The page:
Religion & Urbanization

by Caleb Roberts

In both the United States and Britain there has been, and there still is, a significant relationship between the size of a given city and the church membership and attendance in that city.  In general the larger the population of a city the smaller the proportion of church members in that population.  Why?  An answer that at first sight must appear only to take us round in a circle is that the larger the city the higher tends to be the proportion of working-class population; but what I in fact want to suggest is that the distinctive forms of urban working-class life in the industrial city, as they came into being, and as they are to be contrasted with, for example, working-class life in the domestic industries of the eighteenth century or in the earlier and smaller commercial city, marked a distinct change so far as religion is concerned.  What the urbanization of the Industrial Revolution meant was the destruction of the older forms of community, in many cases rapidly, and in particular the destruction of those features of them to which religion had given symbolic expression.  There is first of all the loss of the background of a given and largely unalterable natural order within whose limits men of different social rank all have to live.  There is secondly the disappearance of the relative continuity and stability of social order, a stability which makes that order appear continuous with the order of nature.  There is thirdly an end to the existence of shared and established norms, common to all ranks in the community, in the light of which everyone stands either vindicated or convicted by their own conduct.  Religion, when it is the religion of a whole society, may have functions other than the expression of the natural and social order, but it is always ate least an expression of a society’s moral unity, and it lends to that unity a cosmic and universal significance and justification. (11-12)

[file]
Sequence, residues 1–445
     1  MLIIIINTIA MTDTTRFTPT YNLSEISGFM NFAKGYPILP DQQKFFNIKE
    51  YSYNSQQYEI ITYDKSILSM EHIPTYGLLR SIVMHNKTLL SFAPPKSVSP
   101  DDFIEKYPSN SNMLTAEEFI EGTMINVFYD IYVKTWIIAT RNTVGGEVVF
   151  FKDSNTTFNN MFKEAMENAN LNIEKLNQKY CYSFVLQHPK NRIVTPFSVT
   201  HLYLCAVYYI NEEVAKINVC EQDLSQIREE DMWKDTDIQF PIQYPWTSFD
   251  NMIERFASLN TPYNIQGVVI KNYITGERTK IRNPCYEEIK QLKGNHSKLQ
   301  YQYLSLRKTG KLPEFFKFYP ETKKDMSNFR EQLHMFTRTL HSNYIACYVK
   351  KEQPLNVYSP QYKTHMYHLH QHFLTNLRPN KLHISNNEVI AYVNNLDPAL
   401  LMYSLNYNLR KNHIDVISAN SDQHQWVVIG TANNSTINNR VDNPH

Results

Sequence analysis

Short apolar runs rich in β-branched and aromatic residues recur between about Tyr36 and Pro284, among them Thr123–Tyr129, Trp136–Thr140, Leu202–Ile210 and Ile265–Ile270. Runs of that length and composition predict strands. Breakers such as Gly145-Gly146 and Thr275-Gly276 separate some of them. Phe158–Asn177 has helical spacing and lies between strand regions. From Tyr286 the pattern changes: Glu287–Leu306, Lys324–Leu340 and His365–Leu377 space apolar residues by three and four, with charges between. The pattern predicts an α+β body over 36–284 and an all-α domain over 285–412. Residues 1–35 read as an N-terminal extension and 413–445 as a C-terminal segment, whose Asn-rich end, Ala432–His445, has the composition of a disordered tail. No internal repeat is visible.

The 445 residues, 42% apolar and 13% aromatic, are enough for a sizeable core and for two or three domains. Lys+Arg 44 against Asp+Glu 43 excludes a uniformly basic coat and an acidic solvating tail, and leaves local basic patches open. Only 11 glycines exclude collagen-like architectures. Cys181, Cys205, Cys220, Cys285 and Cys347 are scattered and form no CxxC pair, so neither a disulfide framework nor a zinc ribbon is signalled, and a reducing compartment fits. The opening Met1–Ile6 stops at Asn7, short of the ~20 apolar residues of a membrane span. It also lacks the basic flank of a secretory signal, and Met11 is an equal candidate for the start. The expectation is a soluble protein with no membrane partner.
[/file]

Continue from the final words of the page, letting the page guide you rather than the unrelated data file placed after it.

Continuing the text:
Alasdair MacIntyre | Secularization and Moral Change